It’s about halfway through (more or less) Baz Luhrmann’s latest incarnation of “The Great Gatsby” that our narrator, Nick (Tobey Maguire), remarks on Gatsby’s, “extraordinary gift for hope.”
Apart from being a line that many of us probably vaguely recall being highlighted by our high school literature teacher (and occurs much earlier in the book), it is also, to be concise, what makes this film soar.
It is hope, extraordinary in nature, that carries this film. Not only that of Gatsby (Leonard DiCaprio), but of the entire production.
While the likes of Daisy (Carey Mulligan), her philandering husband Tom (Joel Edgerton), and his colorful mistress Myrtle (Isla Fisher) are every bit as careless as Nick describes them, it is hope that draws them together. It is carelessness that destroys them.
Of course, Gatsby, the most careful and most hopeful of them all, is the one that must pay the ultimate price. (I’d say spoiler alert, but you really should have read the book first).
It’s a beautiful, simple story told beautifully, but not simply. The visual complexity of this film is at times overwhelming, but in the absolute best way possible, and in 3D (at its best).
And I haven’t even mentioned the parties—this is where what could have easily been just another translation of F. Scott Fitzgerald’s classic tale becomes a visual marvel and a summer blockbuster all at once.
Mr. Luhrmann is known for his visual splendor and use of music and “Gatsby” delivers on both. The contrast of drunken raging celebrations and quiet intimate moments is startling and stunning. The score is a mix of modern and jazz-age and brings new life to a story most of us vaguely remember.
Lest we forget that this is in fact a piece of literature, at points Mr. Fitzgerald’s words literally come to life on the screen, a visual that could have easily come across as campy, but instead serves as a reminder of the history of this work. Of course, these floating lines of text would not be possible without a plot change that had some up in arms over mistreating a classic.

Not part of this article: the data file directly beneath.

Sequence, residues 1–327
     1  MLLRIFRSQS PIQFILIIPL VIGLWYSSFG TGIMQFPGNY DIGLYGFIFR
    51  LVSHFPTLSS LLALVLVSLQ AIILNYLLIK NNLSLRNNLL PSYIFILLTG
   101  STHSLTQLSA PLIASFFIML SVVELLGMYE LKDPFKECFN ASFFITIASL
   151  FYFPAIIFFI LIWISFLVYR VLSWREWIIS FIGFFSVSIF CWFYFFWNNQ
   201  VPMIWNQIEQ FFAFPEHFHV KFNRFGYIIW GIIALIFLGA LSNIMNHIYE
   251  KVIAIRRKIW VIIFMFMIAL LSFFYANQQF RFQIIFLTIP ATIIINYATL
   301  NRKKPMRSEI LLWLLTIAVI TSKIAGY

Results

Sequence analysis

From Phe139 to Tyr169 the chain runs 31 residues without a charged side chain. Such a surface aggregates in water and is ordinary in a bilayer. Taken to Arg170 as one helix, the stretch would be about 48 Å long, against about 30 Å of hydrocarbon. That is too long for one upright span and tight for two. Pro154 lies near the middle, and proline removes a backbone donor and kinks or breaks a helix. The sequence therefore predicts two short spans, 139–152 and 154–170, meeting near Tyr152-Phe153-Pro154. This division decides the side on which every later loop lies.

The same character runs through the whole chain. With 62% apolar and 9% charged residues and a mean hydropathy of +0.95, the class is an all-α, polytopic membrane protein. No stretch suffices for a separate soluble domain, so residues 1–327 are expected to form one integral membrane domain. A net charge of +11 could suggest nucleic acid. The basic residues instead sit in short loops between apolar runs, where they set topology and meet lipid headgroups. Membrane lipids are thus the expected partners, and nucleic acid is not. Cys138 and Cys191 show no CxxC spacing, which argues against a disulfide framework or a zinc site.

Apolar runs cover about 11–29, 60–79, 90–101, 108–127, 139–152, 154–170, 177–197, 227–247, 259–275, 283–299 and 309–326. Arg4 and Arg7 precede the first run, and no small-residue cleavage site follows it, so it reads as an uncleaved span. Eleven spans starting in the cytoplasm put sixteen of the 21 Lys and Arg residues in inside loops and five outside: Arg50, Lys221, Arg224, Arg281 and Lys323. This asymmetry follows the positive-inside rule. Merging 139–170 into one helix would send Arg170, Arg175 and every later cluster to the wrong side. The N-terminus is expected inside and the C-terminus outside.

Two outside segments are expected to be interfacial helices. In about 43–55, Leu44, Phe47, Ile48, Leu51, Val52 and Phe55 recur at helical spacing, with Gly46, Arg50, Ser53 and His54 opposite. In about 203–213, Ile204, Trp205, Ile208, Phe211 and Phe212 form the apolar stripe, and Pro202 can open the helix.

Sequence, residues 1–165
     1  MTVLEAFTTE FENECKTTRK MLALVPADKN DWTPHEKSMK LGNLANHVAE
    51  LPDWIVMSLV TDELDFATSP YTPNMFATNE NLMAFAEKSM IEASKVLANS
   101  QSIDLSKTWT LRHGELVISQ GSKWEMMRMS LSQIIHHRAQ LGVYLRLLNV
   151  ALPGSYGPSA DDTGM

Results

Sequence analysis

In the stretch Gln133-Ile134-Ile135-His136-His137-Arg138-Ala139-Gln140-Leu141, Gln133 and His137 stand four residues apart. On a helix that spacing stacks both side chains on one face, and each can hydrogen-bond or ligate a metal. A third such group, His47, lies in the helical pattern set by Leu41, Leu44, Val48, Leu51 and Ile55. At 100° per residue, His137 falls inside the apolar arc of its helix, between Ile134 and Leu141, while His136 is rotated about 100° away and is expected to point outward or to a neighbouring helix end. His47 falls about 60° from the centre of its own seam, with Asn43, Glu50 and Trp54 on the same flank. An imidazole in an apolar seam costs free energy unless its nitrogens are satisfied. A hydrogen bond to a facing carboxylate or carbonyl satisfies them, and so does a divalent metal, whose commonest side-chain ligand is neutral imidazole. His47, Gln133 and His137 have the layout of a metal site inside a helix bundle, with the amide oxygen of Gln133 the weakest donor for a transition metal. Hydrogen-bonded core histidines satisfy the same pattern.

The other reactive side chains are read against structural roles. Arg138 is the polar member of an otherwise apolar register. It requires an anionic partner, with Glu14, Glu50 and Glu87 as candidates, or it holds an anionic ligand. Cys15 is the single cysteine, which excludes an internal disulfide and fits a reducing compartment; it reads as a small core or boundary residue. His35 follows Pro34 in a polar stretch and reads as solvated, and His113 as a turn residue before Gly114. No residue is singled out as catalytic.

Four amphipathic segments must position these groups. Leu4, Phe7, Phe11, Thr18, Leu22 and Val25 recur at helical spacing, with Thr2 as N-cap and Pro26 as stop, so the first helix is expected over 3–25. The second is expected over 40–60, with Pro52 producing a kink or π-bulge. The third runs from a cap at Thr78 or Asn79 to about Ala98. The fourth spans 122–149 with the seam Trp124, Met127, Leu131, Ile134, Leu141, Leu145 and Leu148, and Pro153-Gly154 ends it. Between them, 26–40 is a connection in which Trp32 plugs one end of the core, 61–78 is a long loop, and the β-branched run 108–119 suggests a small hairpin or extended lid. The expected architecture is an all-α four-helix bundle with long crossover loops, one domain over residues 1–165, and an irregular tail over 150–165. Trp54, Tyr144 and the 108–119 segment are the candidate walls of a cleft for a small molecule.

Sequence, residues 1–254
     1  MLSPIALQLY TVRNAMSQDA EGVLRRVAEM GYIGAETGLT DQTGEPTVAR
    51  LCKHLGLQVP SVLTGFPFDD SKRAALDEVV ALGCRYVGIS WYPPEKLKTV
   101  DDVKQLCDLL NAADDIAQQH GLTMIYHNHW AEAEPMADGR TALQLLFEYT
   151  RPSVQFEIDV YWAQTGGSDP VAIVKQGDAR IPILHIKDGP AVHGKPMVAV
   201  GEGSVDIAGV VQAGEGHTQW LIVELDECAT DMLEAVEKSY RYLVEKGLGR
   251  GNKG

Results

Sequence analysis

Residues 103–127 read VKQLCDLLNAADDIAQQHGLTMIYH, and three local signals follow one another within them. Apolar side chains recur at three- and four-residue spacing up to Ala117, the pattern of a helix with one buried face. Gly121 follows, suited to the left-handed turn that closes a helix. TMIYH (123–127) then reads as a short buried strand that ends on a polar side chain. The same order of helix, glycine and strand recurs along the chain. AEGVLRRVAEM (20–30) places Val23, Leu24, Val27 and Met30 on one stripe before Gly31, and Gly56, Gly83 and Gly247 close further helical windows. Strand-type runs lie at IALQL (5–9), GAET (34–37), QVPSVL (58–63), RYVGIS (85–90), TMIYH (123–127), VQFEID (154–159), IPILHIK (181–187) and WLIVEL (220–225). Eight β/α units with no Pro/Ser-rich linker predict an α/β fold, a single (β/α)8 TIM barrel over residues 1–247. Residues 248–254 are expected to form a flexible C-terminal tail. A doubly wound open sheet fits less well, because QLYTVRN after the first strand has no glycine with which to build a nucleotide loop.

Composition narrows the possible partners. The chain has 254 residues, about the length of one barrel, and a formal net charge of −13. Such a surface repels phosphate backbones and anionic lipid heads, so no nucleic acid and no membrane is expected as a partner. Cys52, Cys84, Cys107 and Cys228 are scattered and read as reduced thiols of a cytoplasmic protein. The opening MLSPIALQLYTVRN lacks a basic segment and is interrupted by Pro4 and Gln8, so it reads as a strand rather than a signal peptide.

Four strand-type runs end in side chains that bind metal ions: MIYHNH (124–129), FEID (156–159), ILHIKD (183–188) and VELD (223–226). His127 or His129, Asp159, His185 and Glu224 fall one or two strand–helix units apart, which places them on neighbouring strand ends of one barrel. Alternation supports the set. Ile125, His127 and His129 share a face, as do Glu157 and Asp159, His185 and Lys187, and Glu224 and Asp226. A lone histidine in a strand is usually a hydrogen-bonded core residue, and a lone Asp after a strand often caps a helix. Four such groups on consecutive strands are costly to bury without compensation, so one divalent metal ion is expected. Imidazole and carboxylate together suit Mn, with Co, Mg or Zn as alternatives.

But Baz Luhrmann is nothing if not careful with this production, and the extreme care and research that went into this film can be seen throughout, but especially in the expanded story of Nick. Nick is not just the narrator, he’s the voice of Fitzgerald himself (or one might [should] interpret it as such). He is seen chronicling his memories years afterwards. It may be a bit of a stray from the text, but it works and grounds the story.
It also gives Mr. Tobey Maguire more to work with and he does some marvelous things. And that is of course true of the rest of the cast. We love the sweetness of Carey Mulligan’s Daisy as Gatsby sees her and despise her just as much when seen through the hindsight of Nick.
Then there’s Gatsby, a role that Leonardo DiCaprio absolutely nails. It may not be the most poetic way to put it, but it is the most accurate. This man is insanely good at picking scripts and this one might just get him an Oscar…and rightfully so. His Gatsby is subtle, mysterious, suave, sweet, insecure, yet confident, everything he should be, and above all hopeful.